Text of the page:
Central Data Catalog

Citation Information

Type Journal Article - The Pakistan Development Review
Title Is Consumption Pattern Homogeneous in Pakistan? Evidence from PSLM 2007-08
Volume 50
Issue 4
Publication (Day/Month/Year) 2011
Page numbers 629-648
URL http://www.pide.org.pk/pdr/index.php/pdr/article/viewFile/3082/3003
The analysis and examination of household consumption patterns made possible
by the pioneering work of Ernest Engel, in the form of the Engel curve,
is a critical
element for the formulation of various aspects of economic policy. This information is
essential for macroeconomic planning purposes, as accurate projections of demand for
various commodities are critical for efficient allocation of scarce productive resources
across the different sectors of the economy. Knowledge of consumer behavior is also
important for evaluating the impact of tax proposals on household welfare, as taxes
imposed on commodities having an income elasticity greater than one are likely to effect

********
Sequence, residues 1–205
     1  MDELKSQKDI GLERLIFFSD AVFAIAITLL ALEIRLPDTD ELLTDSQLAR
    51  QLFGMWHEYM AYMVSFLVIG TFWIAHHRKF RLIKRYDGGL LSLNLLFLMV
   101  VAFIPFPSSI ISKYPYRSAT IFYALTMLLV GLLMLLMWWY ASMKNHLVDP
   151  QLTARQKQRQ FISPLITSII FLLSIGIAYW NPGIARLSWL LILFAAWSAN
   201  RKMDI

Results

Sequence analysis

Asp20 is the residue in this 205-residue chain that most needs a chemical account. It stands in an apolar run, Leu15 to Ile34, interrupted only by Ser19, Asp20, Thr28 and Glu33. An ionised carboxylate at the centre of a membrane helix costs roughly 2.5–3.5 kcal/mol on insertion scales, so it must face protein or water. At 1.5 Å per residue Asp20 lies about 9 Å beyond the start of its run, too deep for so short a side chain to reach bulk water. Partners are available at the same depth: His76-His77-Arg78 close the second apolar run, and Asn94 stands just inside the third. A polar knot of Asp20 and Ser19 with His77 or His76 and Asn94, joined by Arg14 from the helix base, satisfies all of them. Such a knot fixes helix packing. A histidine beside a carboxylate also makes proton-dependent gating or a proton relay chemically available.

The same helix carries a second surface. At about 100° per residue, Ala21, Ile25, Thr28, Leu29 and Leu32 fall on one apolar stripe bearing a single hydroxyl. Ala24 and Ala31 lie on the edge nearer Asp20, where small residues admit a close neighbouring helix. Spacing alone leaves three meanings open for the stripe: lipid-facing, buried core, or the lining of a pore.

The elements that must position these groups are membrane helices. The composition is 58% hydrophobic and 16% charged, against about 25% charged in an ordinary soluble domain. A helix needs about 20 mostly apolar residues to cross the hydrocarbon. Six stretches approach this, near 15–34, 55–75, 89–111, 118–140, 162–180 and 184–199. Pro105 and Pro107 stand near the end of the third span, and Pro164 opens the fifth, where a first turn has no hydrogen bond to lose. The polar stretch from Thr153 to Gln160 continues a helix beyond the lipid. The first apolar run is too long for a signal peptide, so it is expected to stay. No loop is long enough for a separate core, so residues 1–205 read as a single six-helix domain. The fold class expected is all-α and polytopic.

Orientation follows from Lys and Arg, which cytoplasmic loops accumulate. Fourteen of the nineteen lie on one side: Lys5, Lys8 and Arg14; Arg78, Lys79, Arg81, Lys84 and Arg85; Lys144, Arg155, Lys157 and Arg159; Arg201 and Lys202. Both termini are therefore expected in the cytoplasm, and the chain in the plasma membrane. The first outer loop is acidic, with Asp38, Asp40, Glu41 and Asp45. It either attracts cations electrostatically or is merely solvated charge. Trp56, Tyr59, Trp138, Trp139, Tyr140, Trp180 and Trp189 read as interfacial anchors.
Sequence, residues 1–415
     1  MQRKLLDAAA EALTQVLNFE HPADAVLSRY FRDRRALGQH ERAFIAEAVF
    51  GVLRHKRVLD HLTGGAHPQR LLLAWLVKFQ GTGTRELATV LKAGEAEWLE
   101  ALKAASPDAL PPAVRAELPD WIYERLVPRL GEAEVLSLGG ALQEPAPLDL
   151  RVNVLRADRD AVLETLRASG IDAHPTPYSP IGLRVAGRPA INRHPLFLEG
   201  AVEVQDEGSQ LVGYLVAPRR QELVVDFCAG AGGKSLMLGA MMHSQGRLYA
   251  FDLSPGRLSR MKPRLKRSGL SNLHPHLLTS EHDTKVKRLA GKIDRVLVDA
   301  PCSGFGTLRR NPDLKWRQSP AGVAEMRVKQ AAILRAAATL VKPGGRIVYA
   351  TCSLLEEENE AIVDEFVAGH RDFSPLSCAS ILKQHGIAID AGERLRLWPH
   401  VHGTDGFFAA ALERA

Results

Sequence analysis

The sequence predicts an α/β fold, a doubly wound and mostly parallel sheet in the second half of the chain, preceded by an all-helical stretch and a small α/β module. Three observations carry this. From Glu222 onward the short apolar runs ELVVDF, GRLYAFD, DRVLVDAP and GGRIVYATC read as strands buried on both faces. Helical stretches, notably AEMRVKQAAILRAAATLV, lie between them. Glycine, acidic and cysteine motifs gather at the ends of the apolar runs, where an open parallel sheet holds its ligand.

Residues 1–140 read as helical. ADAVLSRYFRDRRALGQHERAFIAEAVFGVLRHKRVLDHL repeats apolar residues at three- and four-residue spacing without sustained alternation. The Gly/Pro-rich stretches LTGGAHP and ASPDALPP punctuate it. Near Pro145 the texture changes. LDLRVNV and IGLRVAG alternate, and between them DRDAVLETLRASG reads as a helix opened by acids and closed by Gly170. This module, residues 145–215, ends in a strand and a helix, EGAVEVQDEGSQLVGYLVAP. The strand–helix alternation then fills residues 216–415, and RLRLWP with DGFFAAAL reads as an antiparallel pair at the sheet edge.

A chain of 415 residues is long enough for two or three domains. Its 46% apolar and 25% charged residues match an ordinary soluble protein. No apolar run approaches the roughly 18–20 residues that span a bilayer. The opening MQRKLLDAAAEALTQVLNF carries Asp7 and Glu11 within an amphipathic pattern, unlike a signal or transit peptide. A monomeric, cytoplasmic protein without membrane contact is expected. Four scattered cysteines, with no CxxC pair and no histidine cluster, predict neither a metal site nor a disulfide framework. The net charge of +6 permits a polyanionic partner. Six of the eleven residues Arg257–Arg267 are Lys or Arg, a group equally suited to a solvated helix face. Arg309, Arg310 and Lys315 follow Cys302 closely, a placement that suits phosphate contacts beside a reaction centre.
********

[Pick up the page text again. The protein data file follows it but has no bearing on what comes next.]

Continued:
rich households, while taxing necessities (with elasticity below one) will have a
disproportionately adverse effect on low income households.
A vast empirical literature has examined household consumption patterns, using the
Engel curve framework for both the developed and developing countries. Noteworthy studies
in this regard include Stigler (1954), Houthakker (1957), Giles and Hampton (1985) and
Tansel (1986). In case of Pakistan, household consumption patterns have been analysed by a
large number of studies, which includes Ranis (1961), Rahman (1963), Bussink (1970), Ali
(1981), Malik (1982), Cheema and Malik (1985), Malik and Ahmad (1985), Ahmed and
Ludhow (1987), Alderman (1988), Burney and Khan (1991, 1992) and more recently Shamim
and Ahmad (2007) and Ahmad and Arshad (2007). The major limitation of the existing
literature, apart from being based mainly on datasets which are over two decades old, is that
the household consumption patterns have been analysed only for Pakistan as a whole or by its
urban-rural regions. To our knowledge, no study has examined the consumption behavior of
households across the four provinces of the country.

Related studies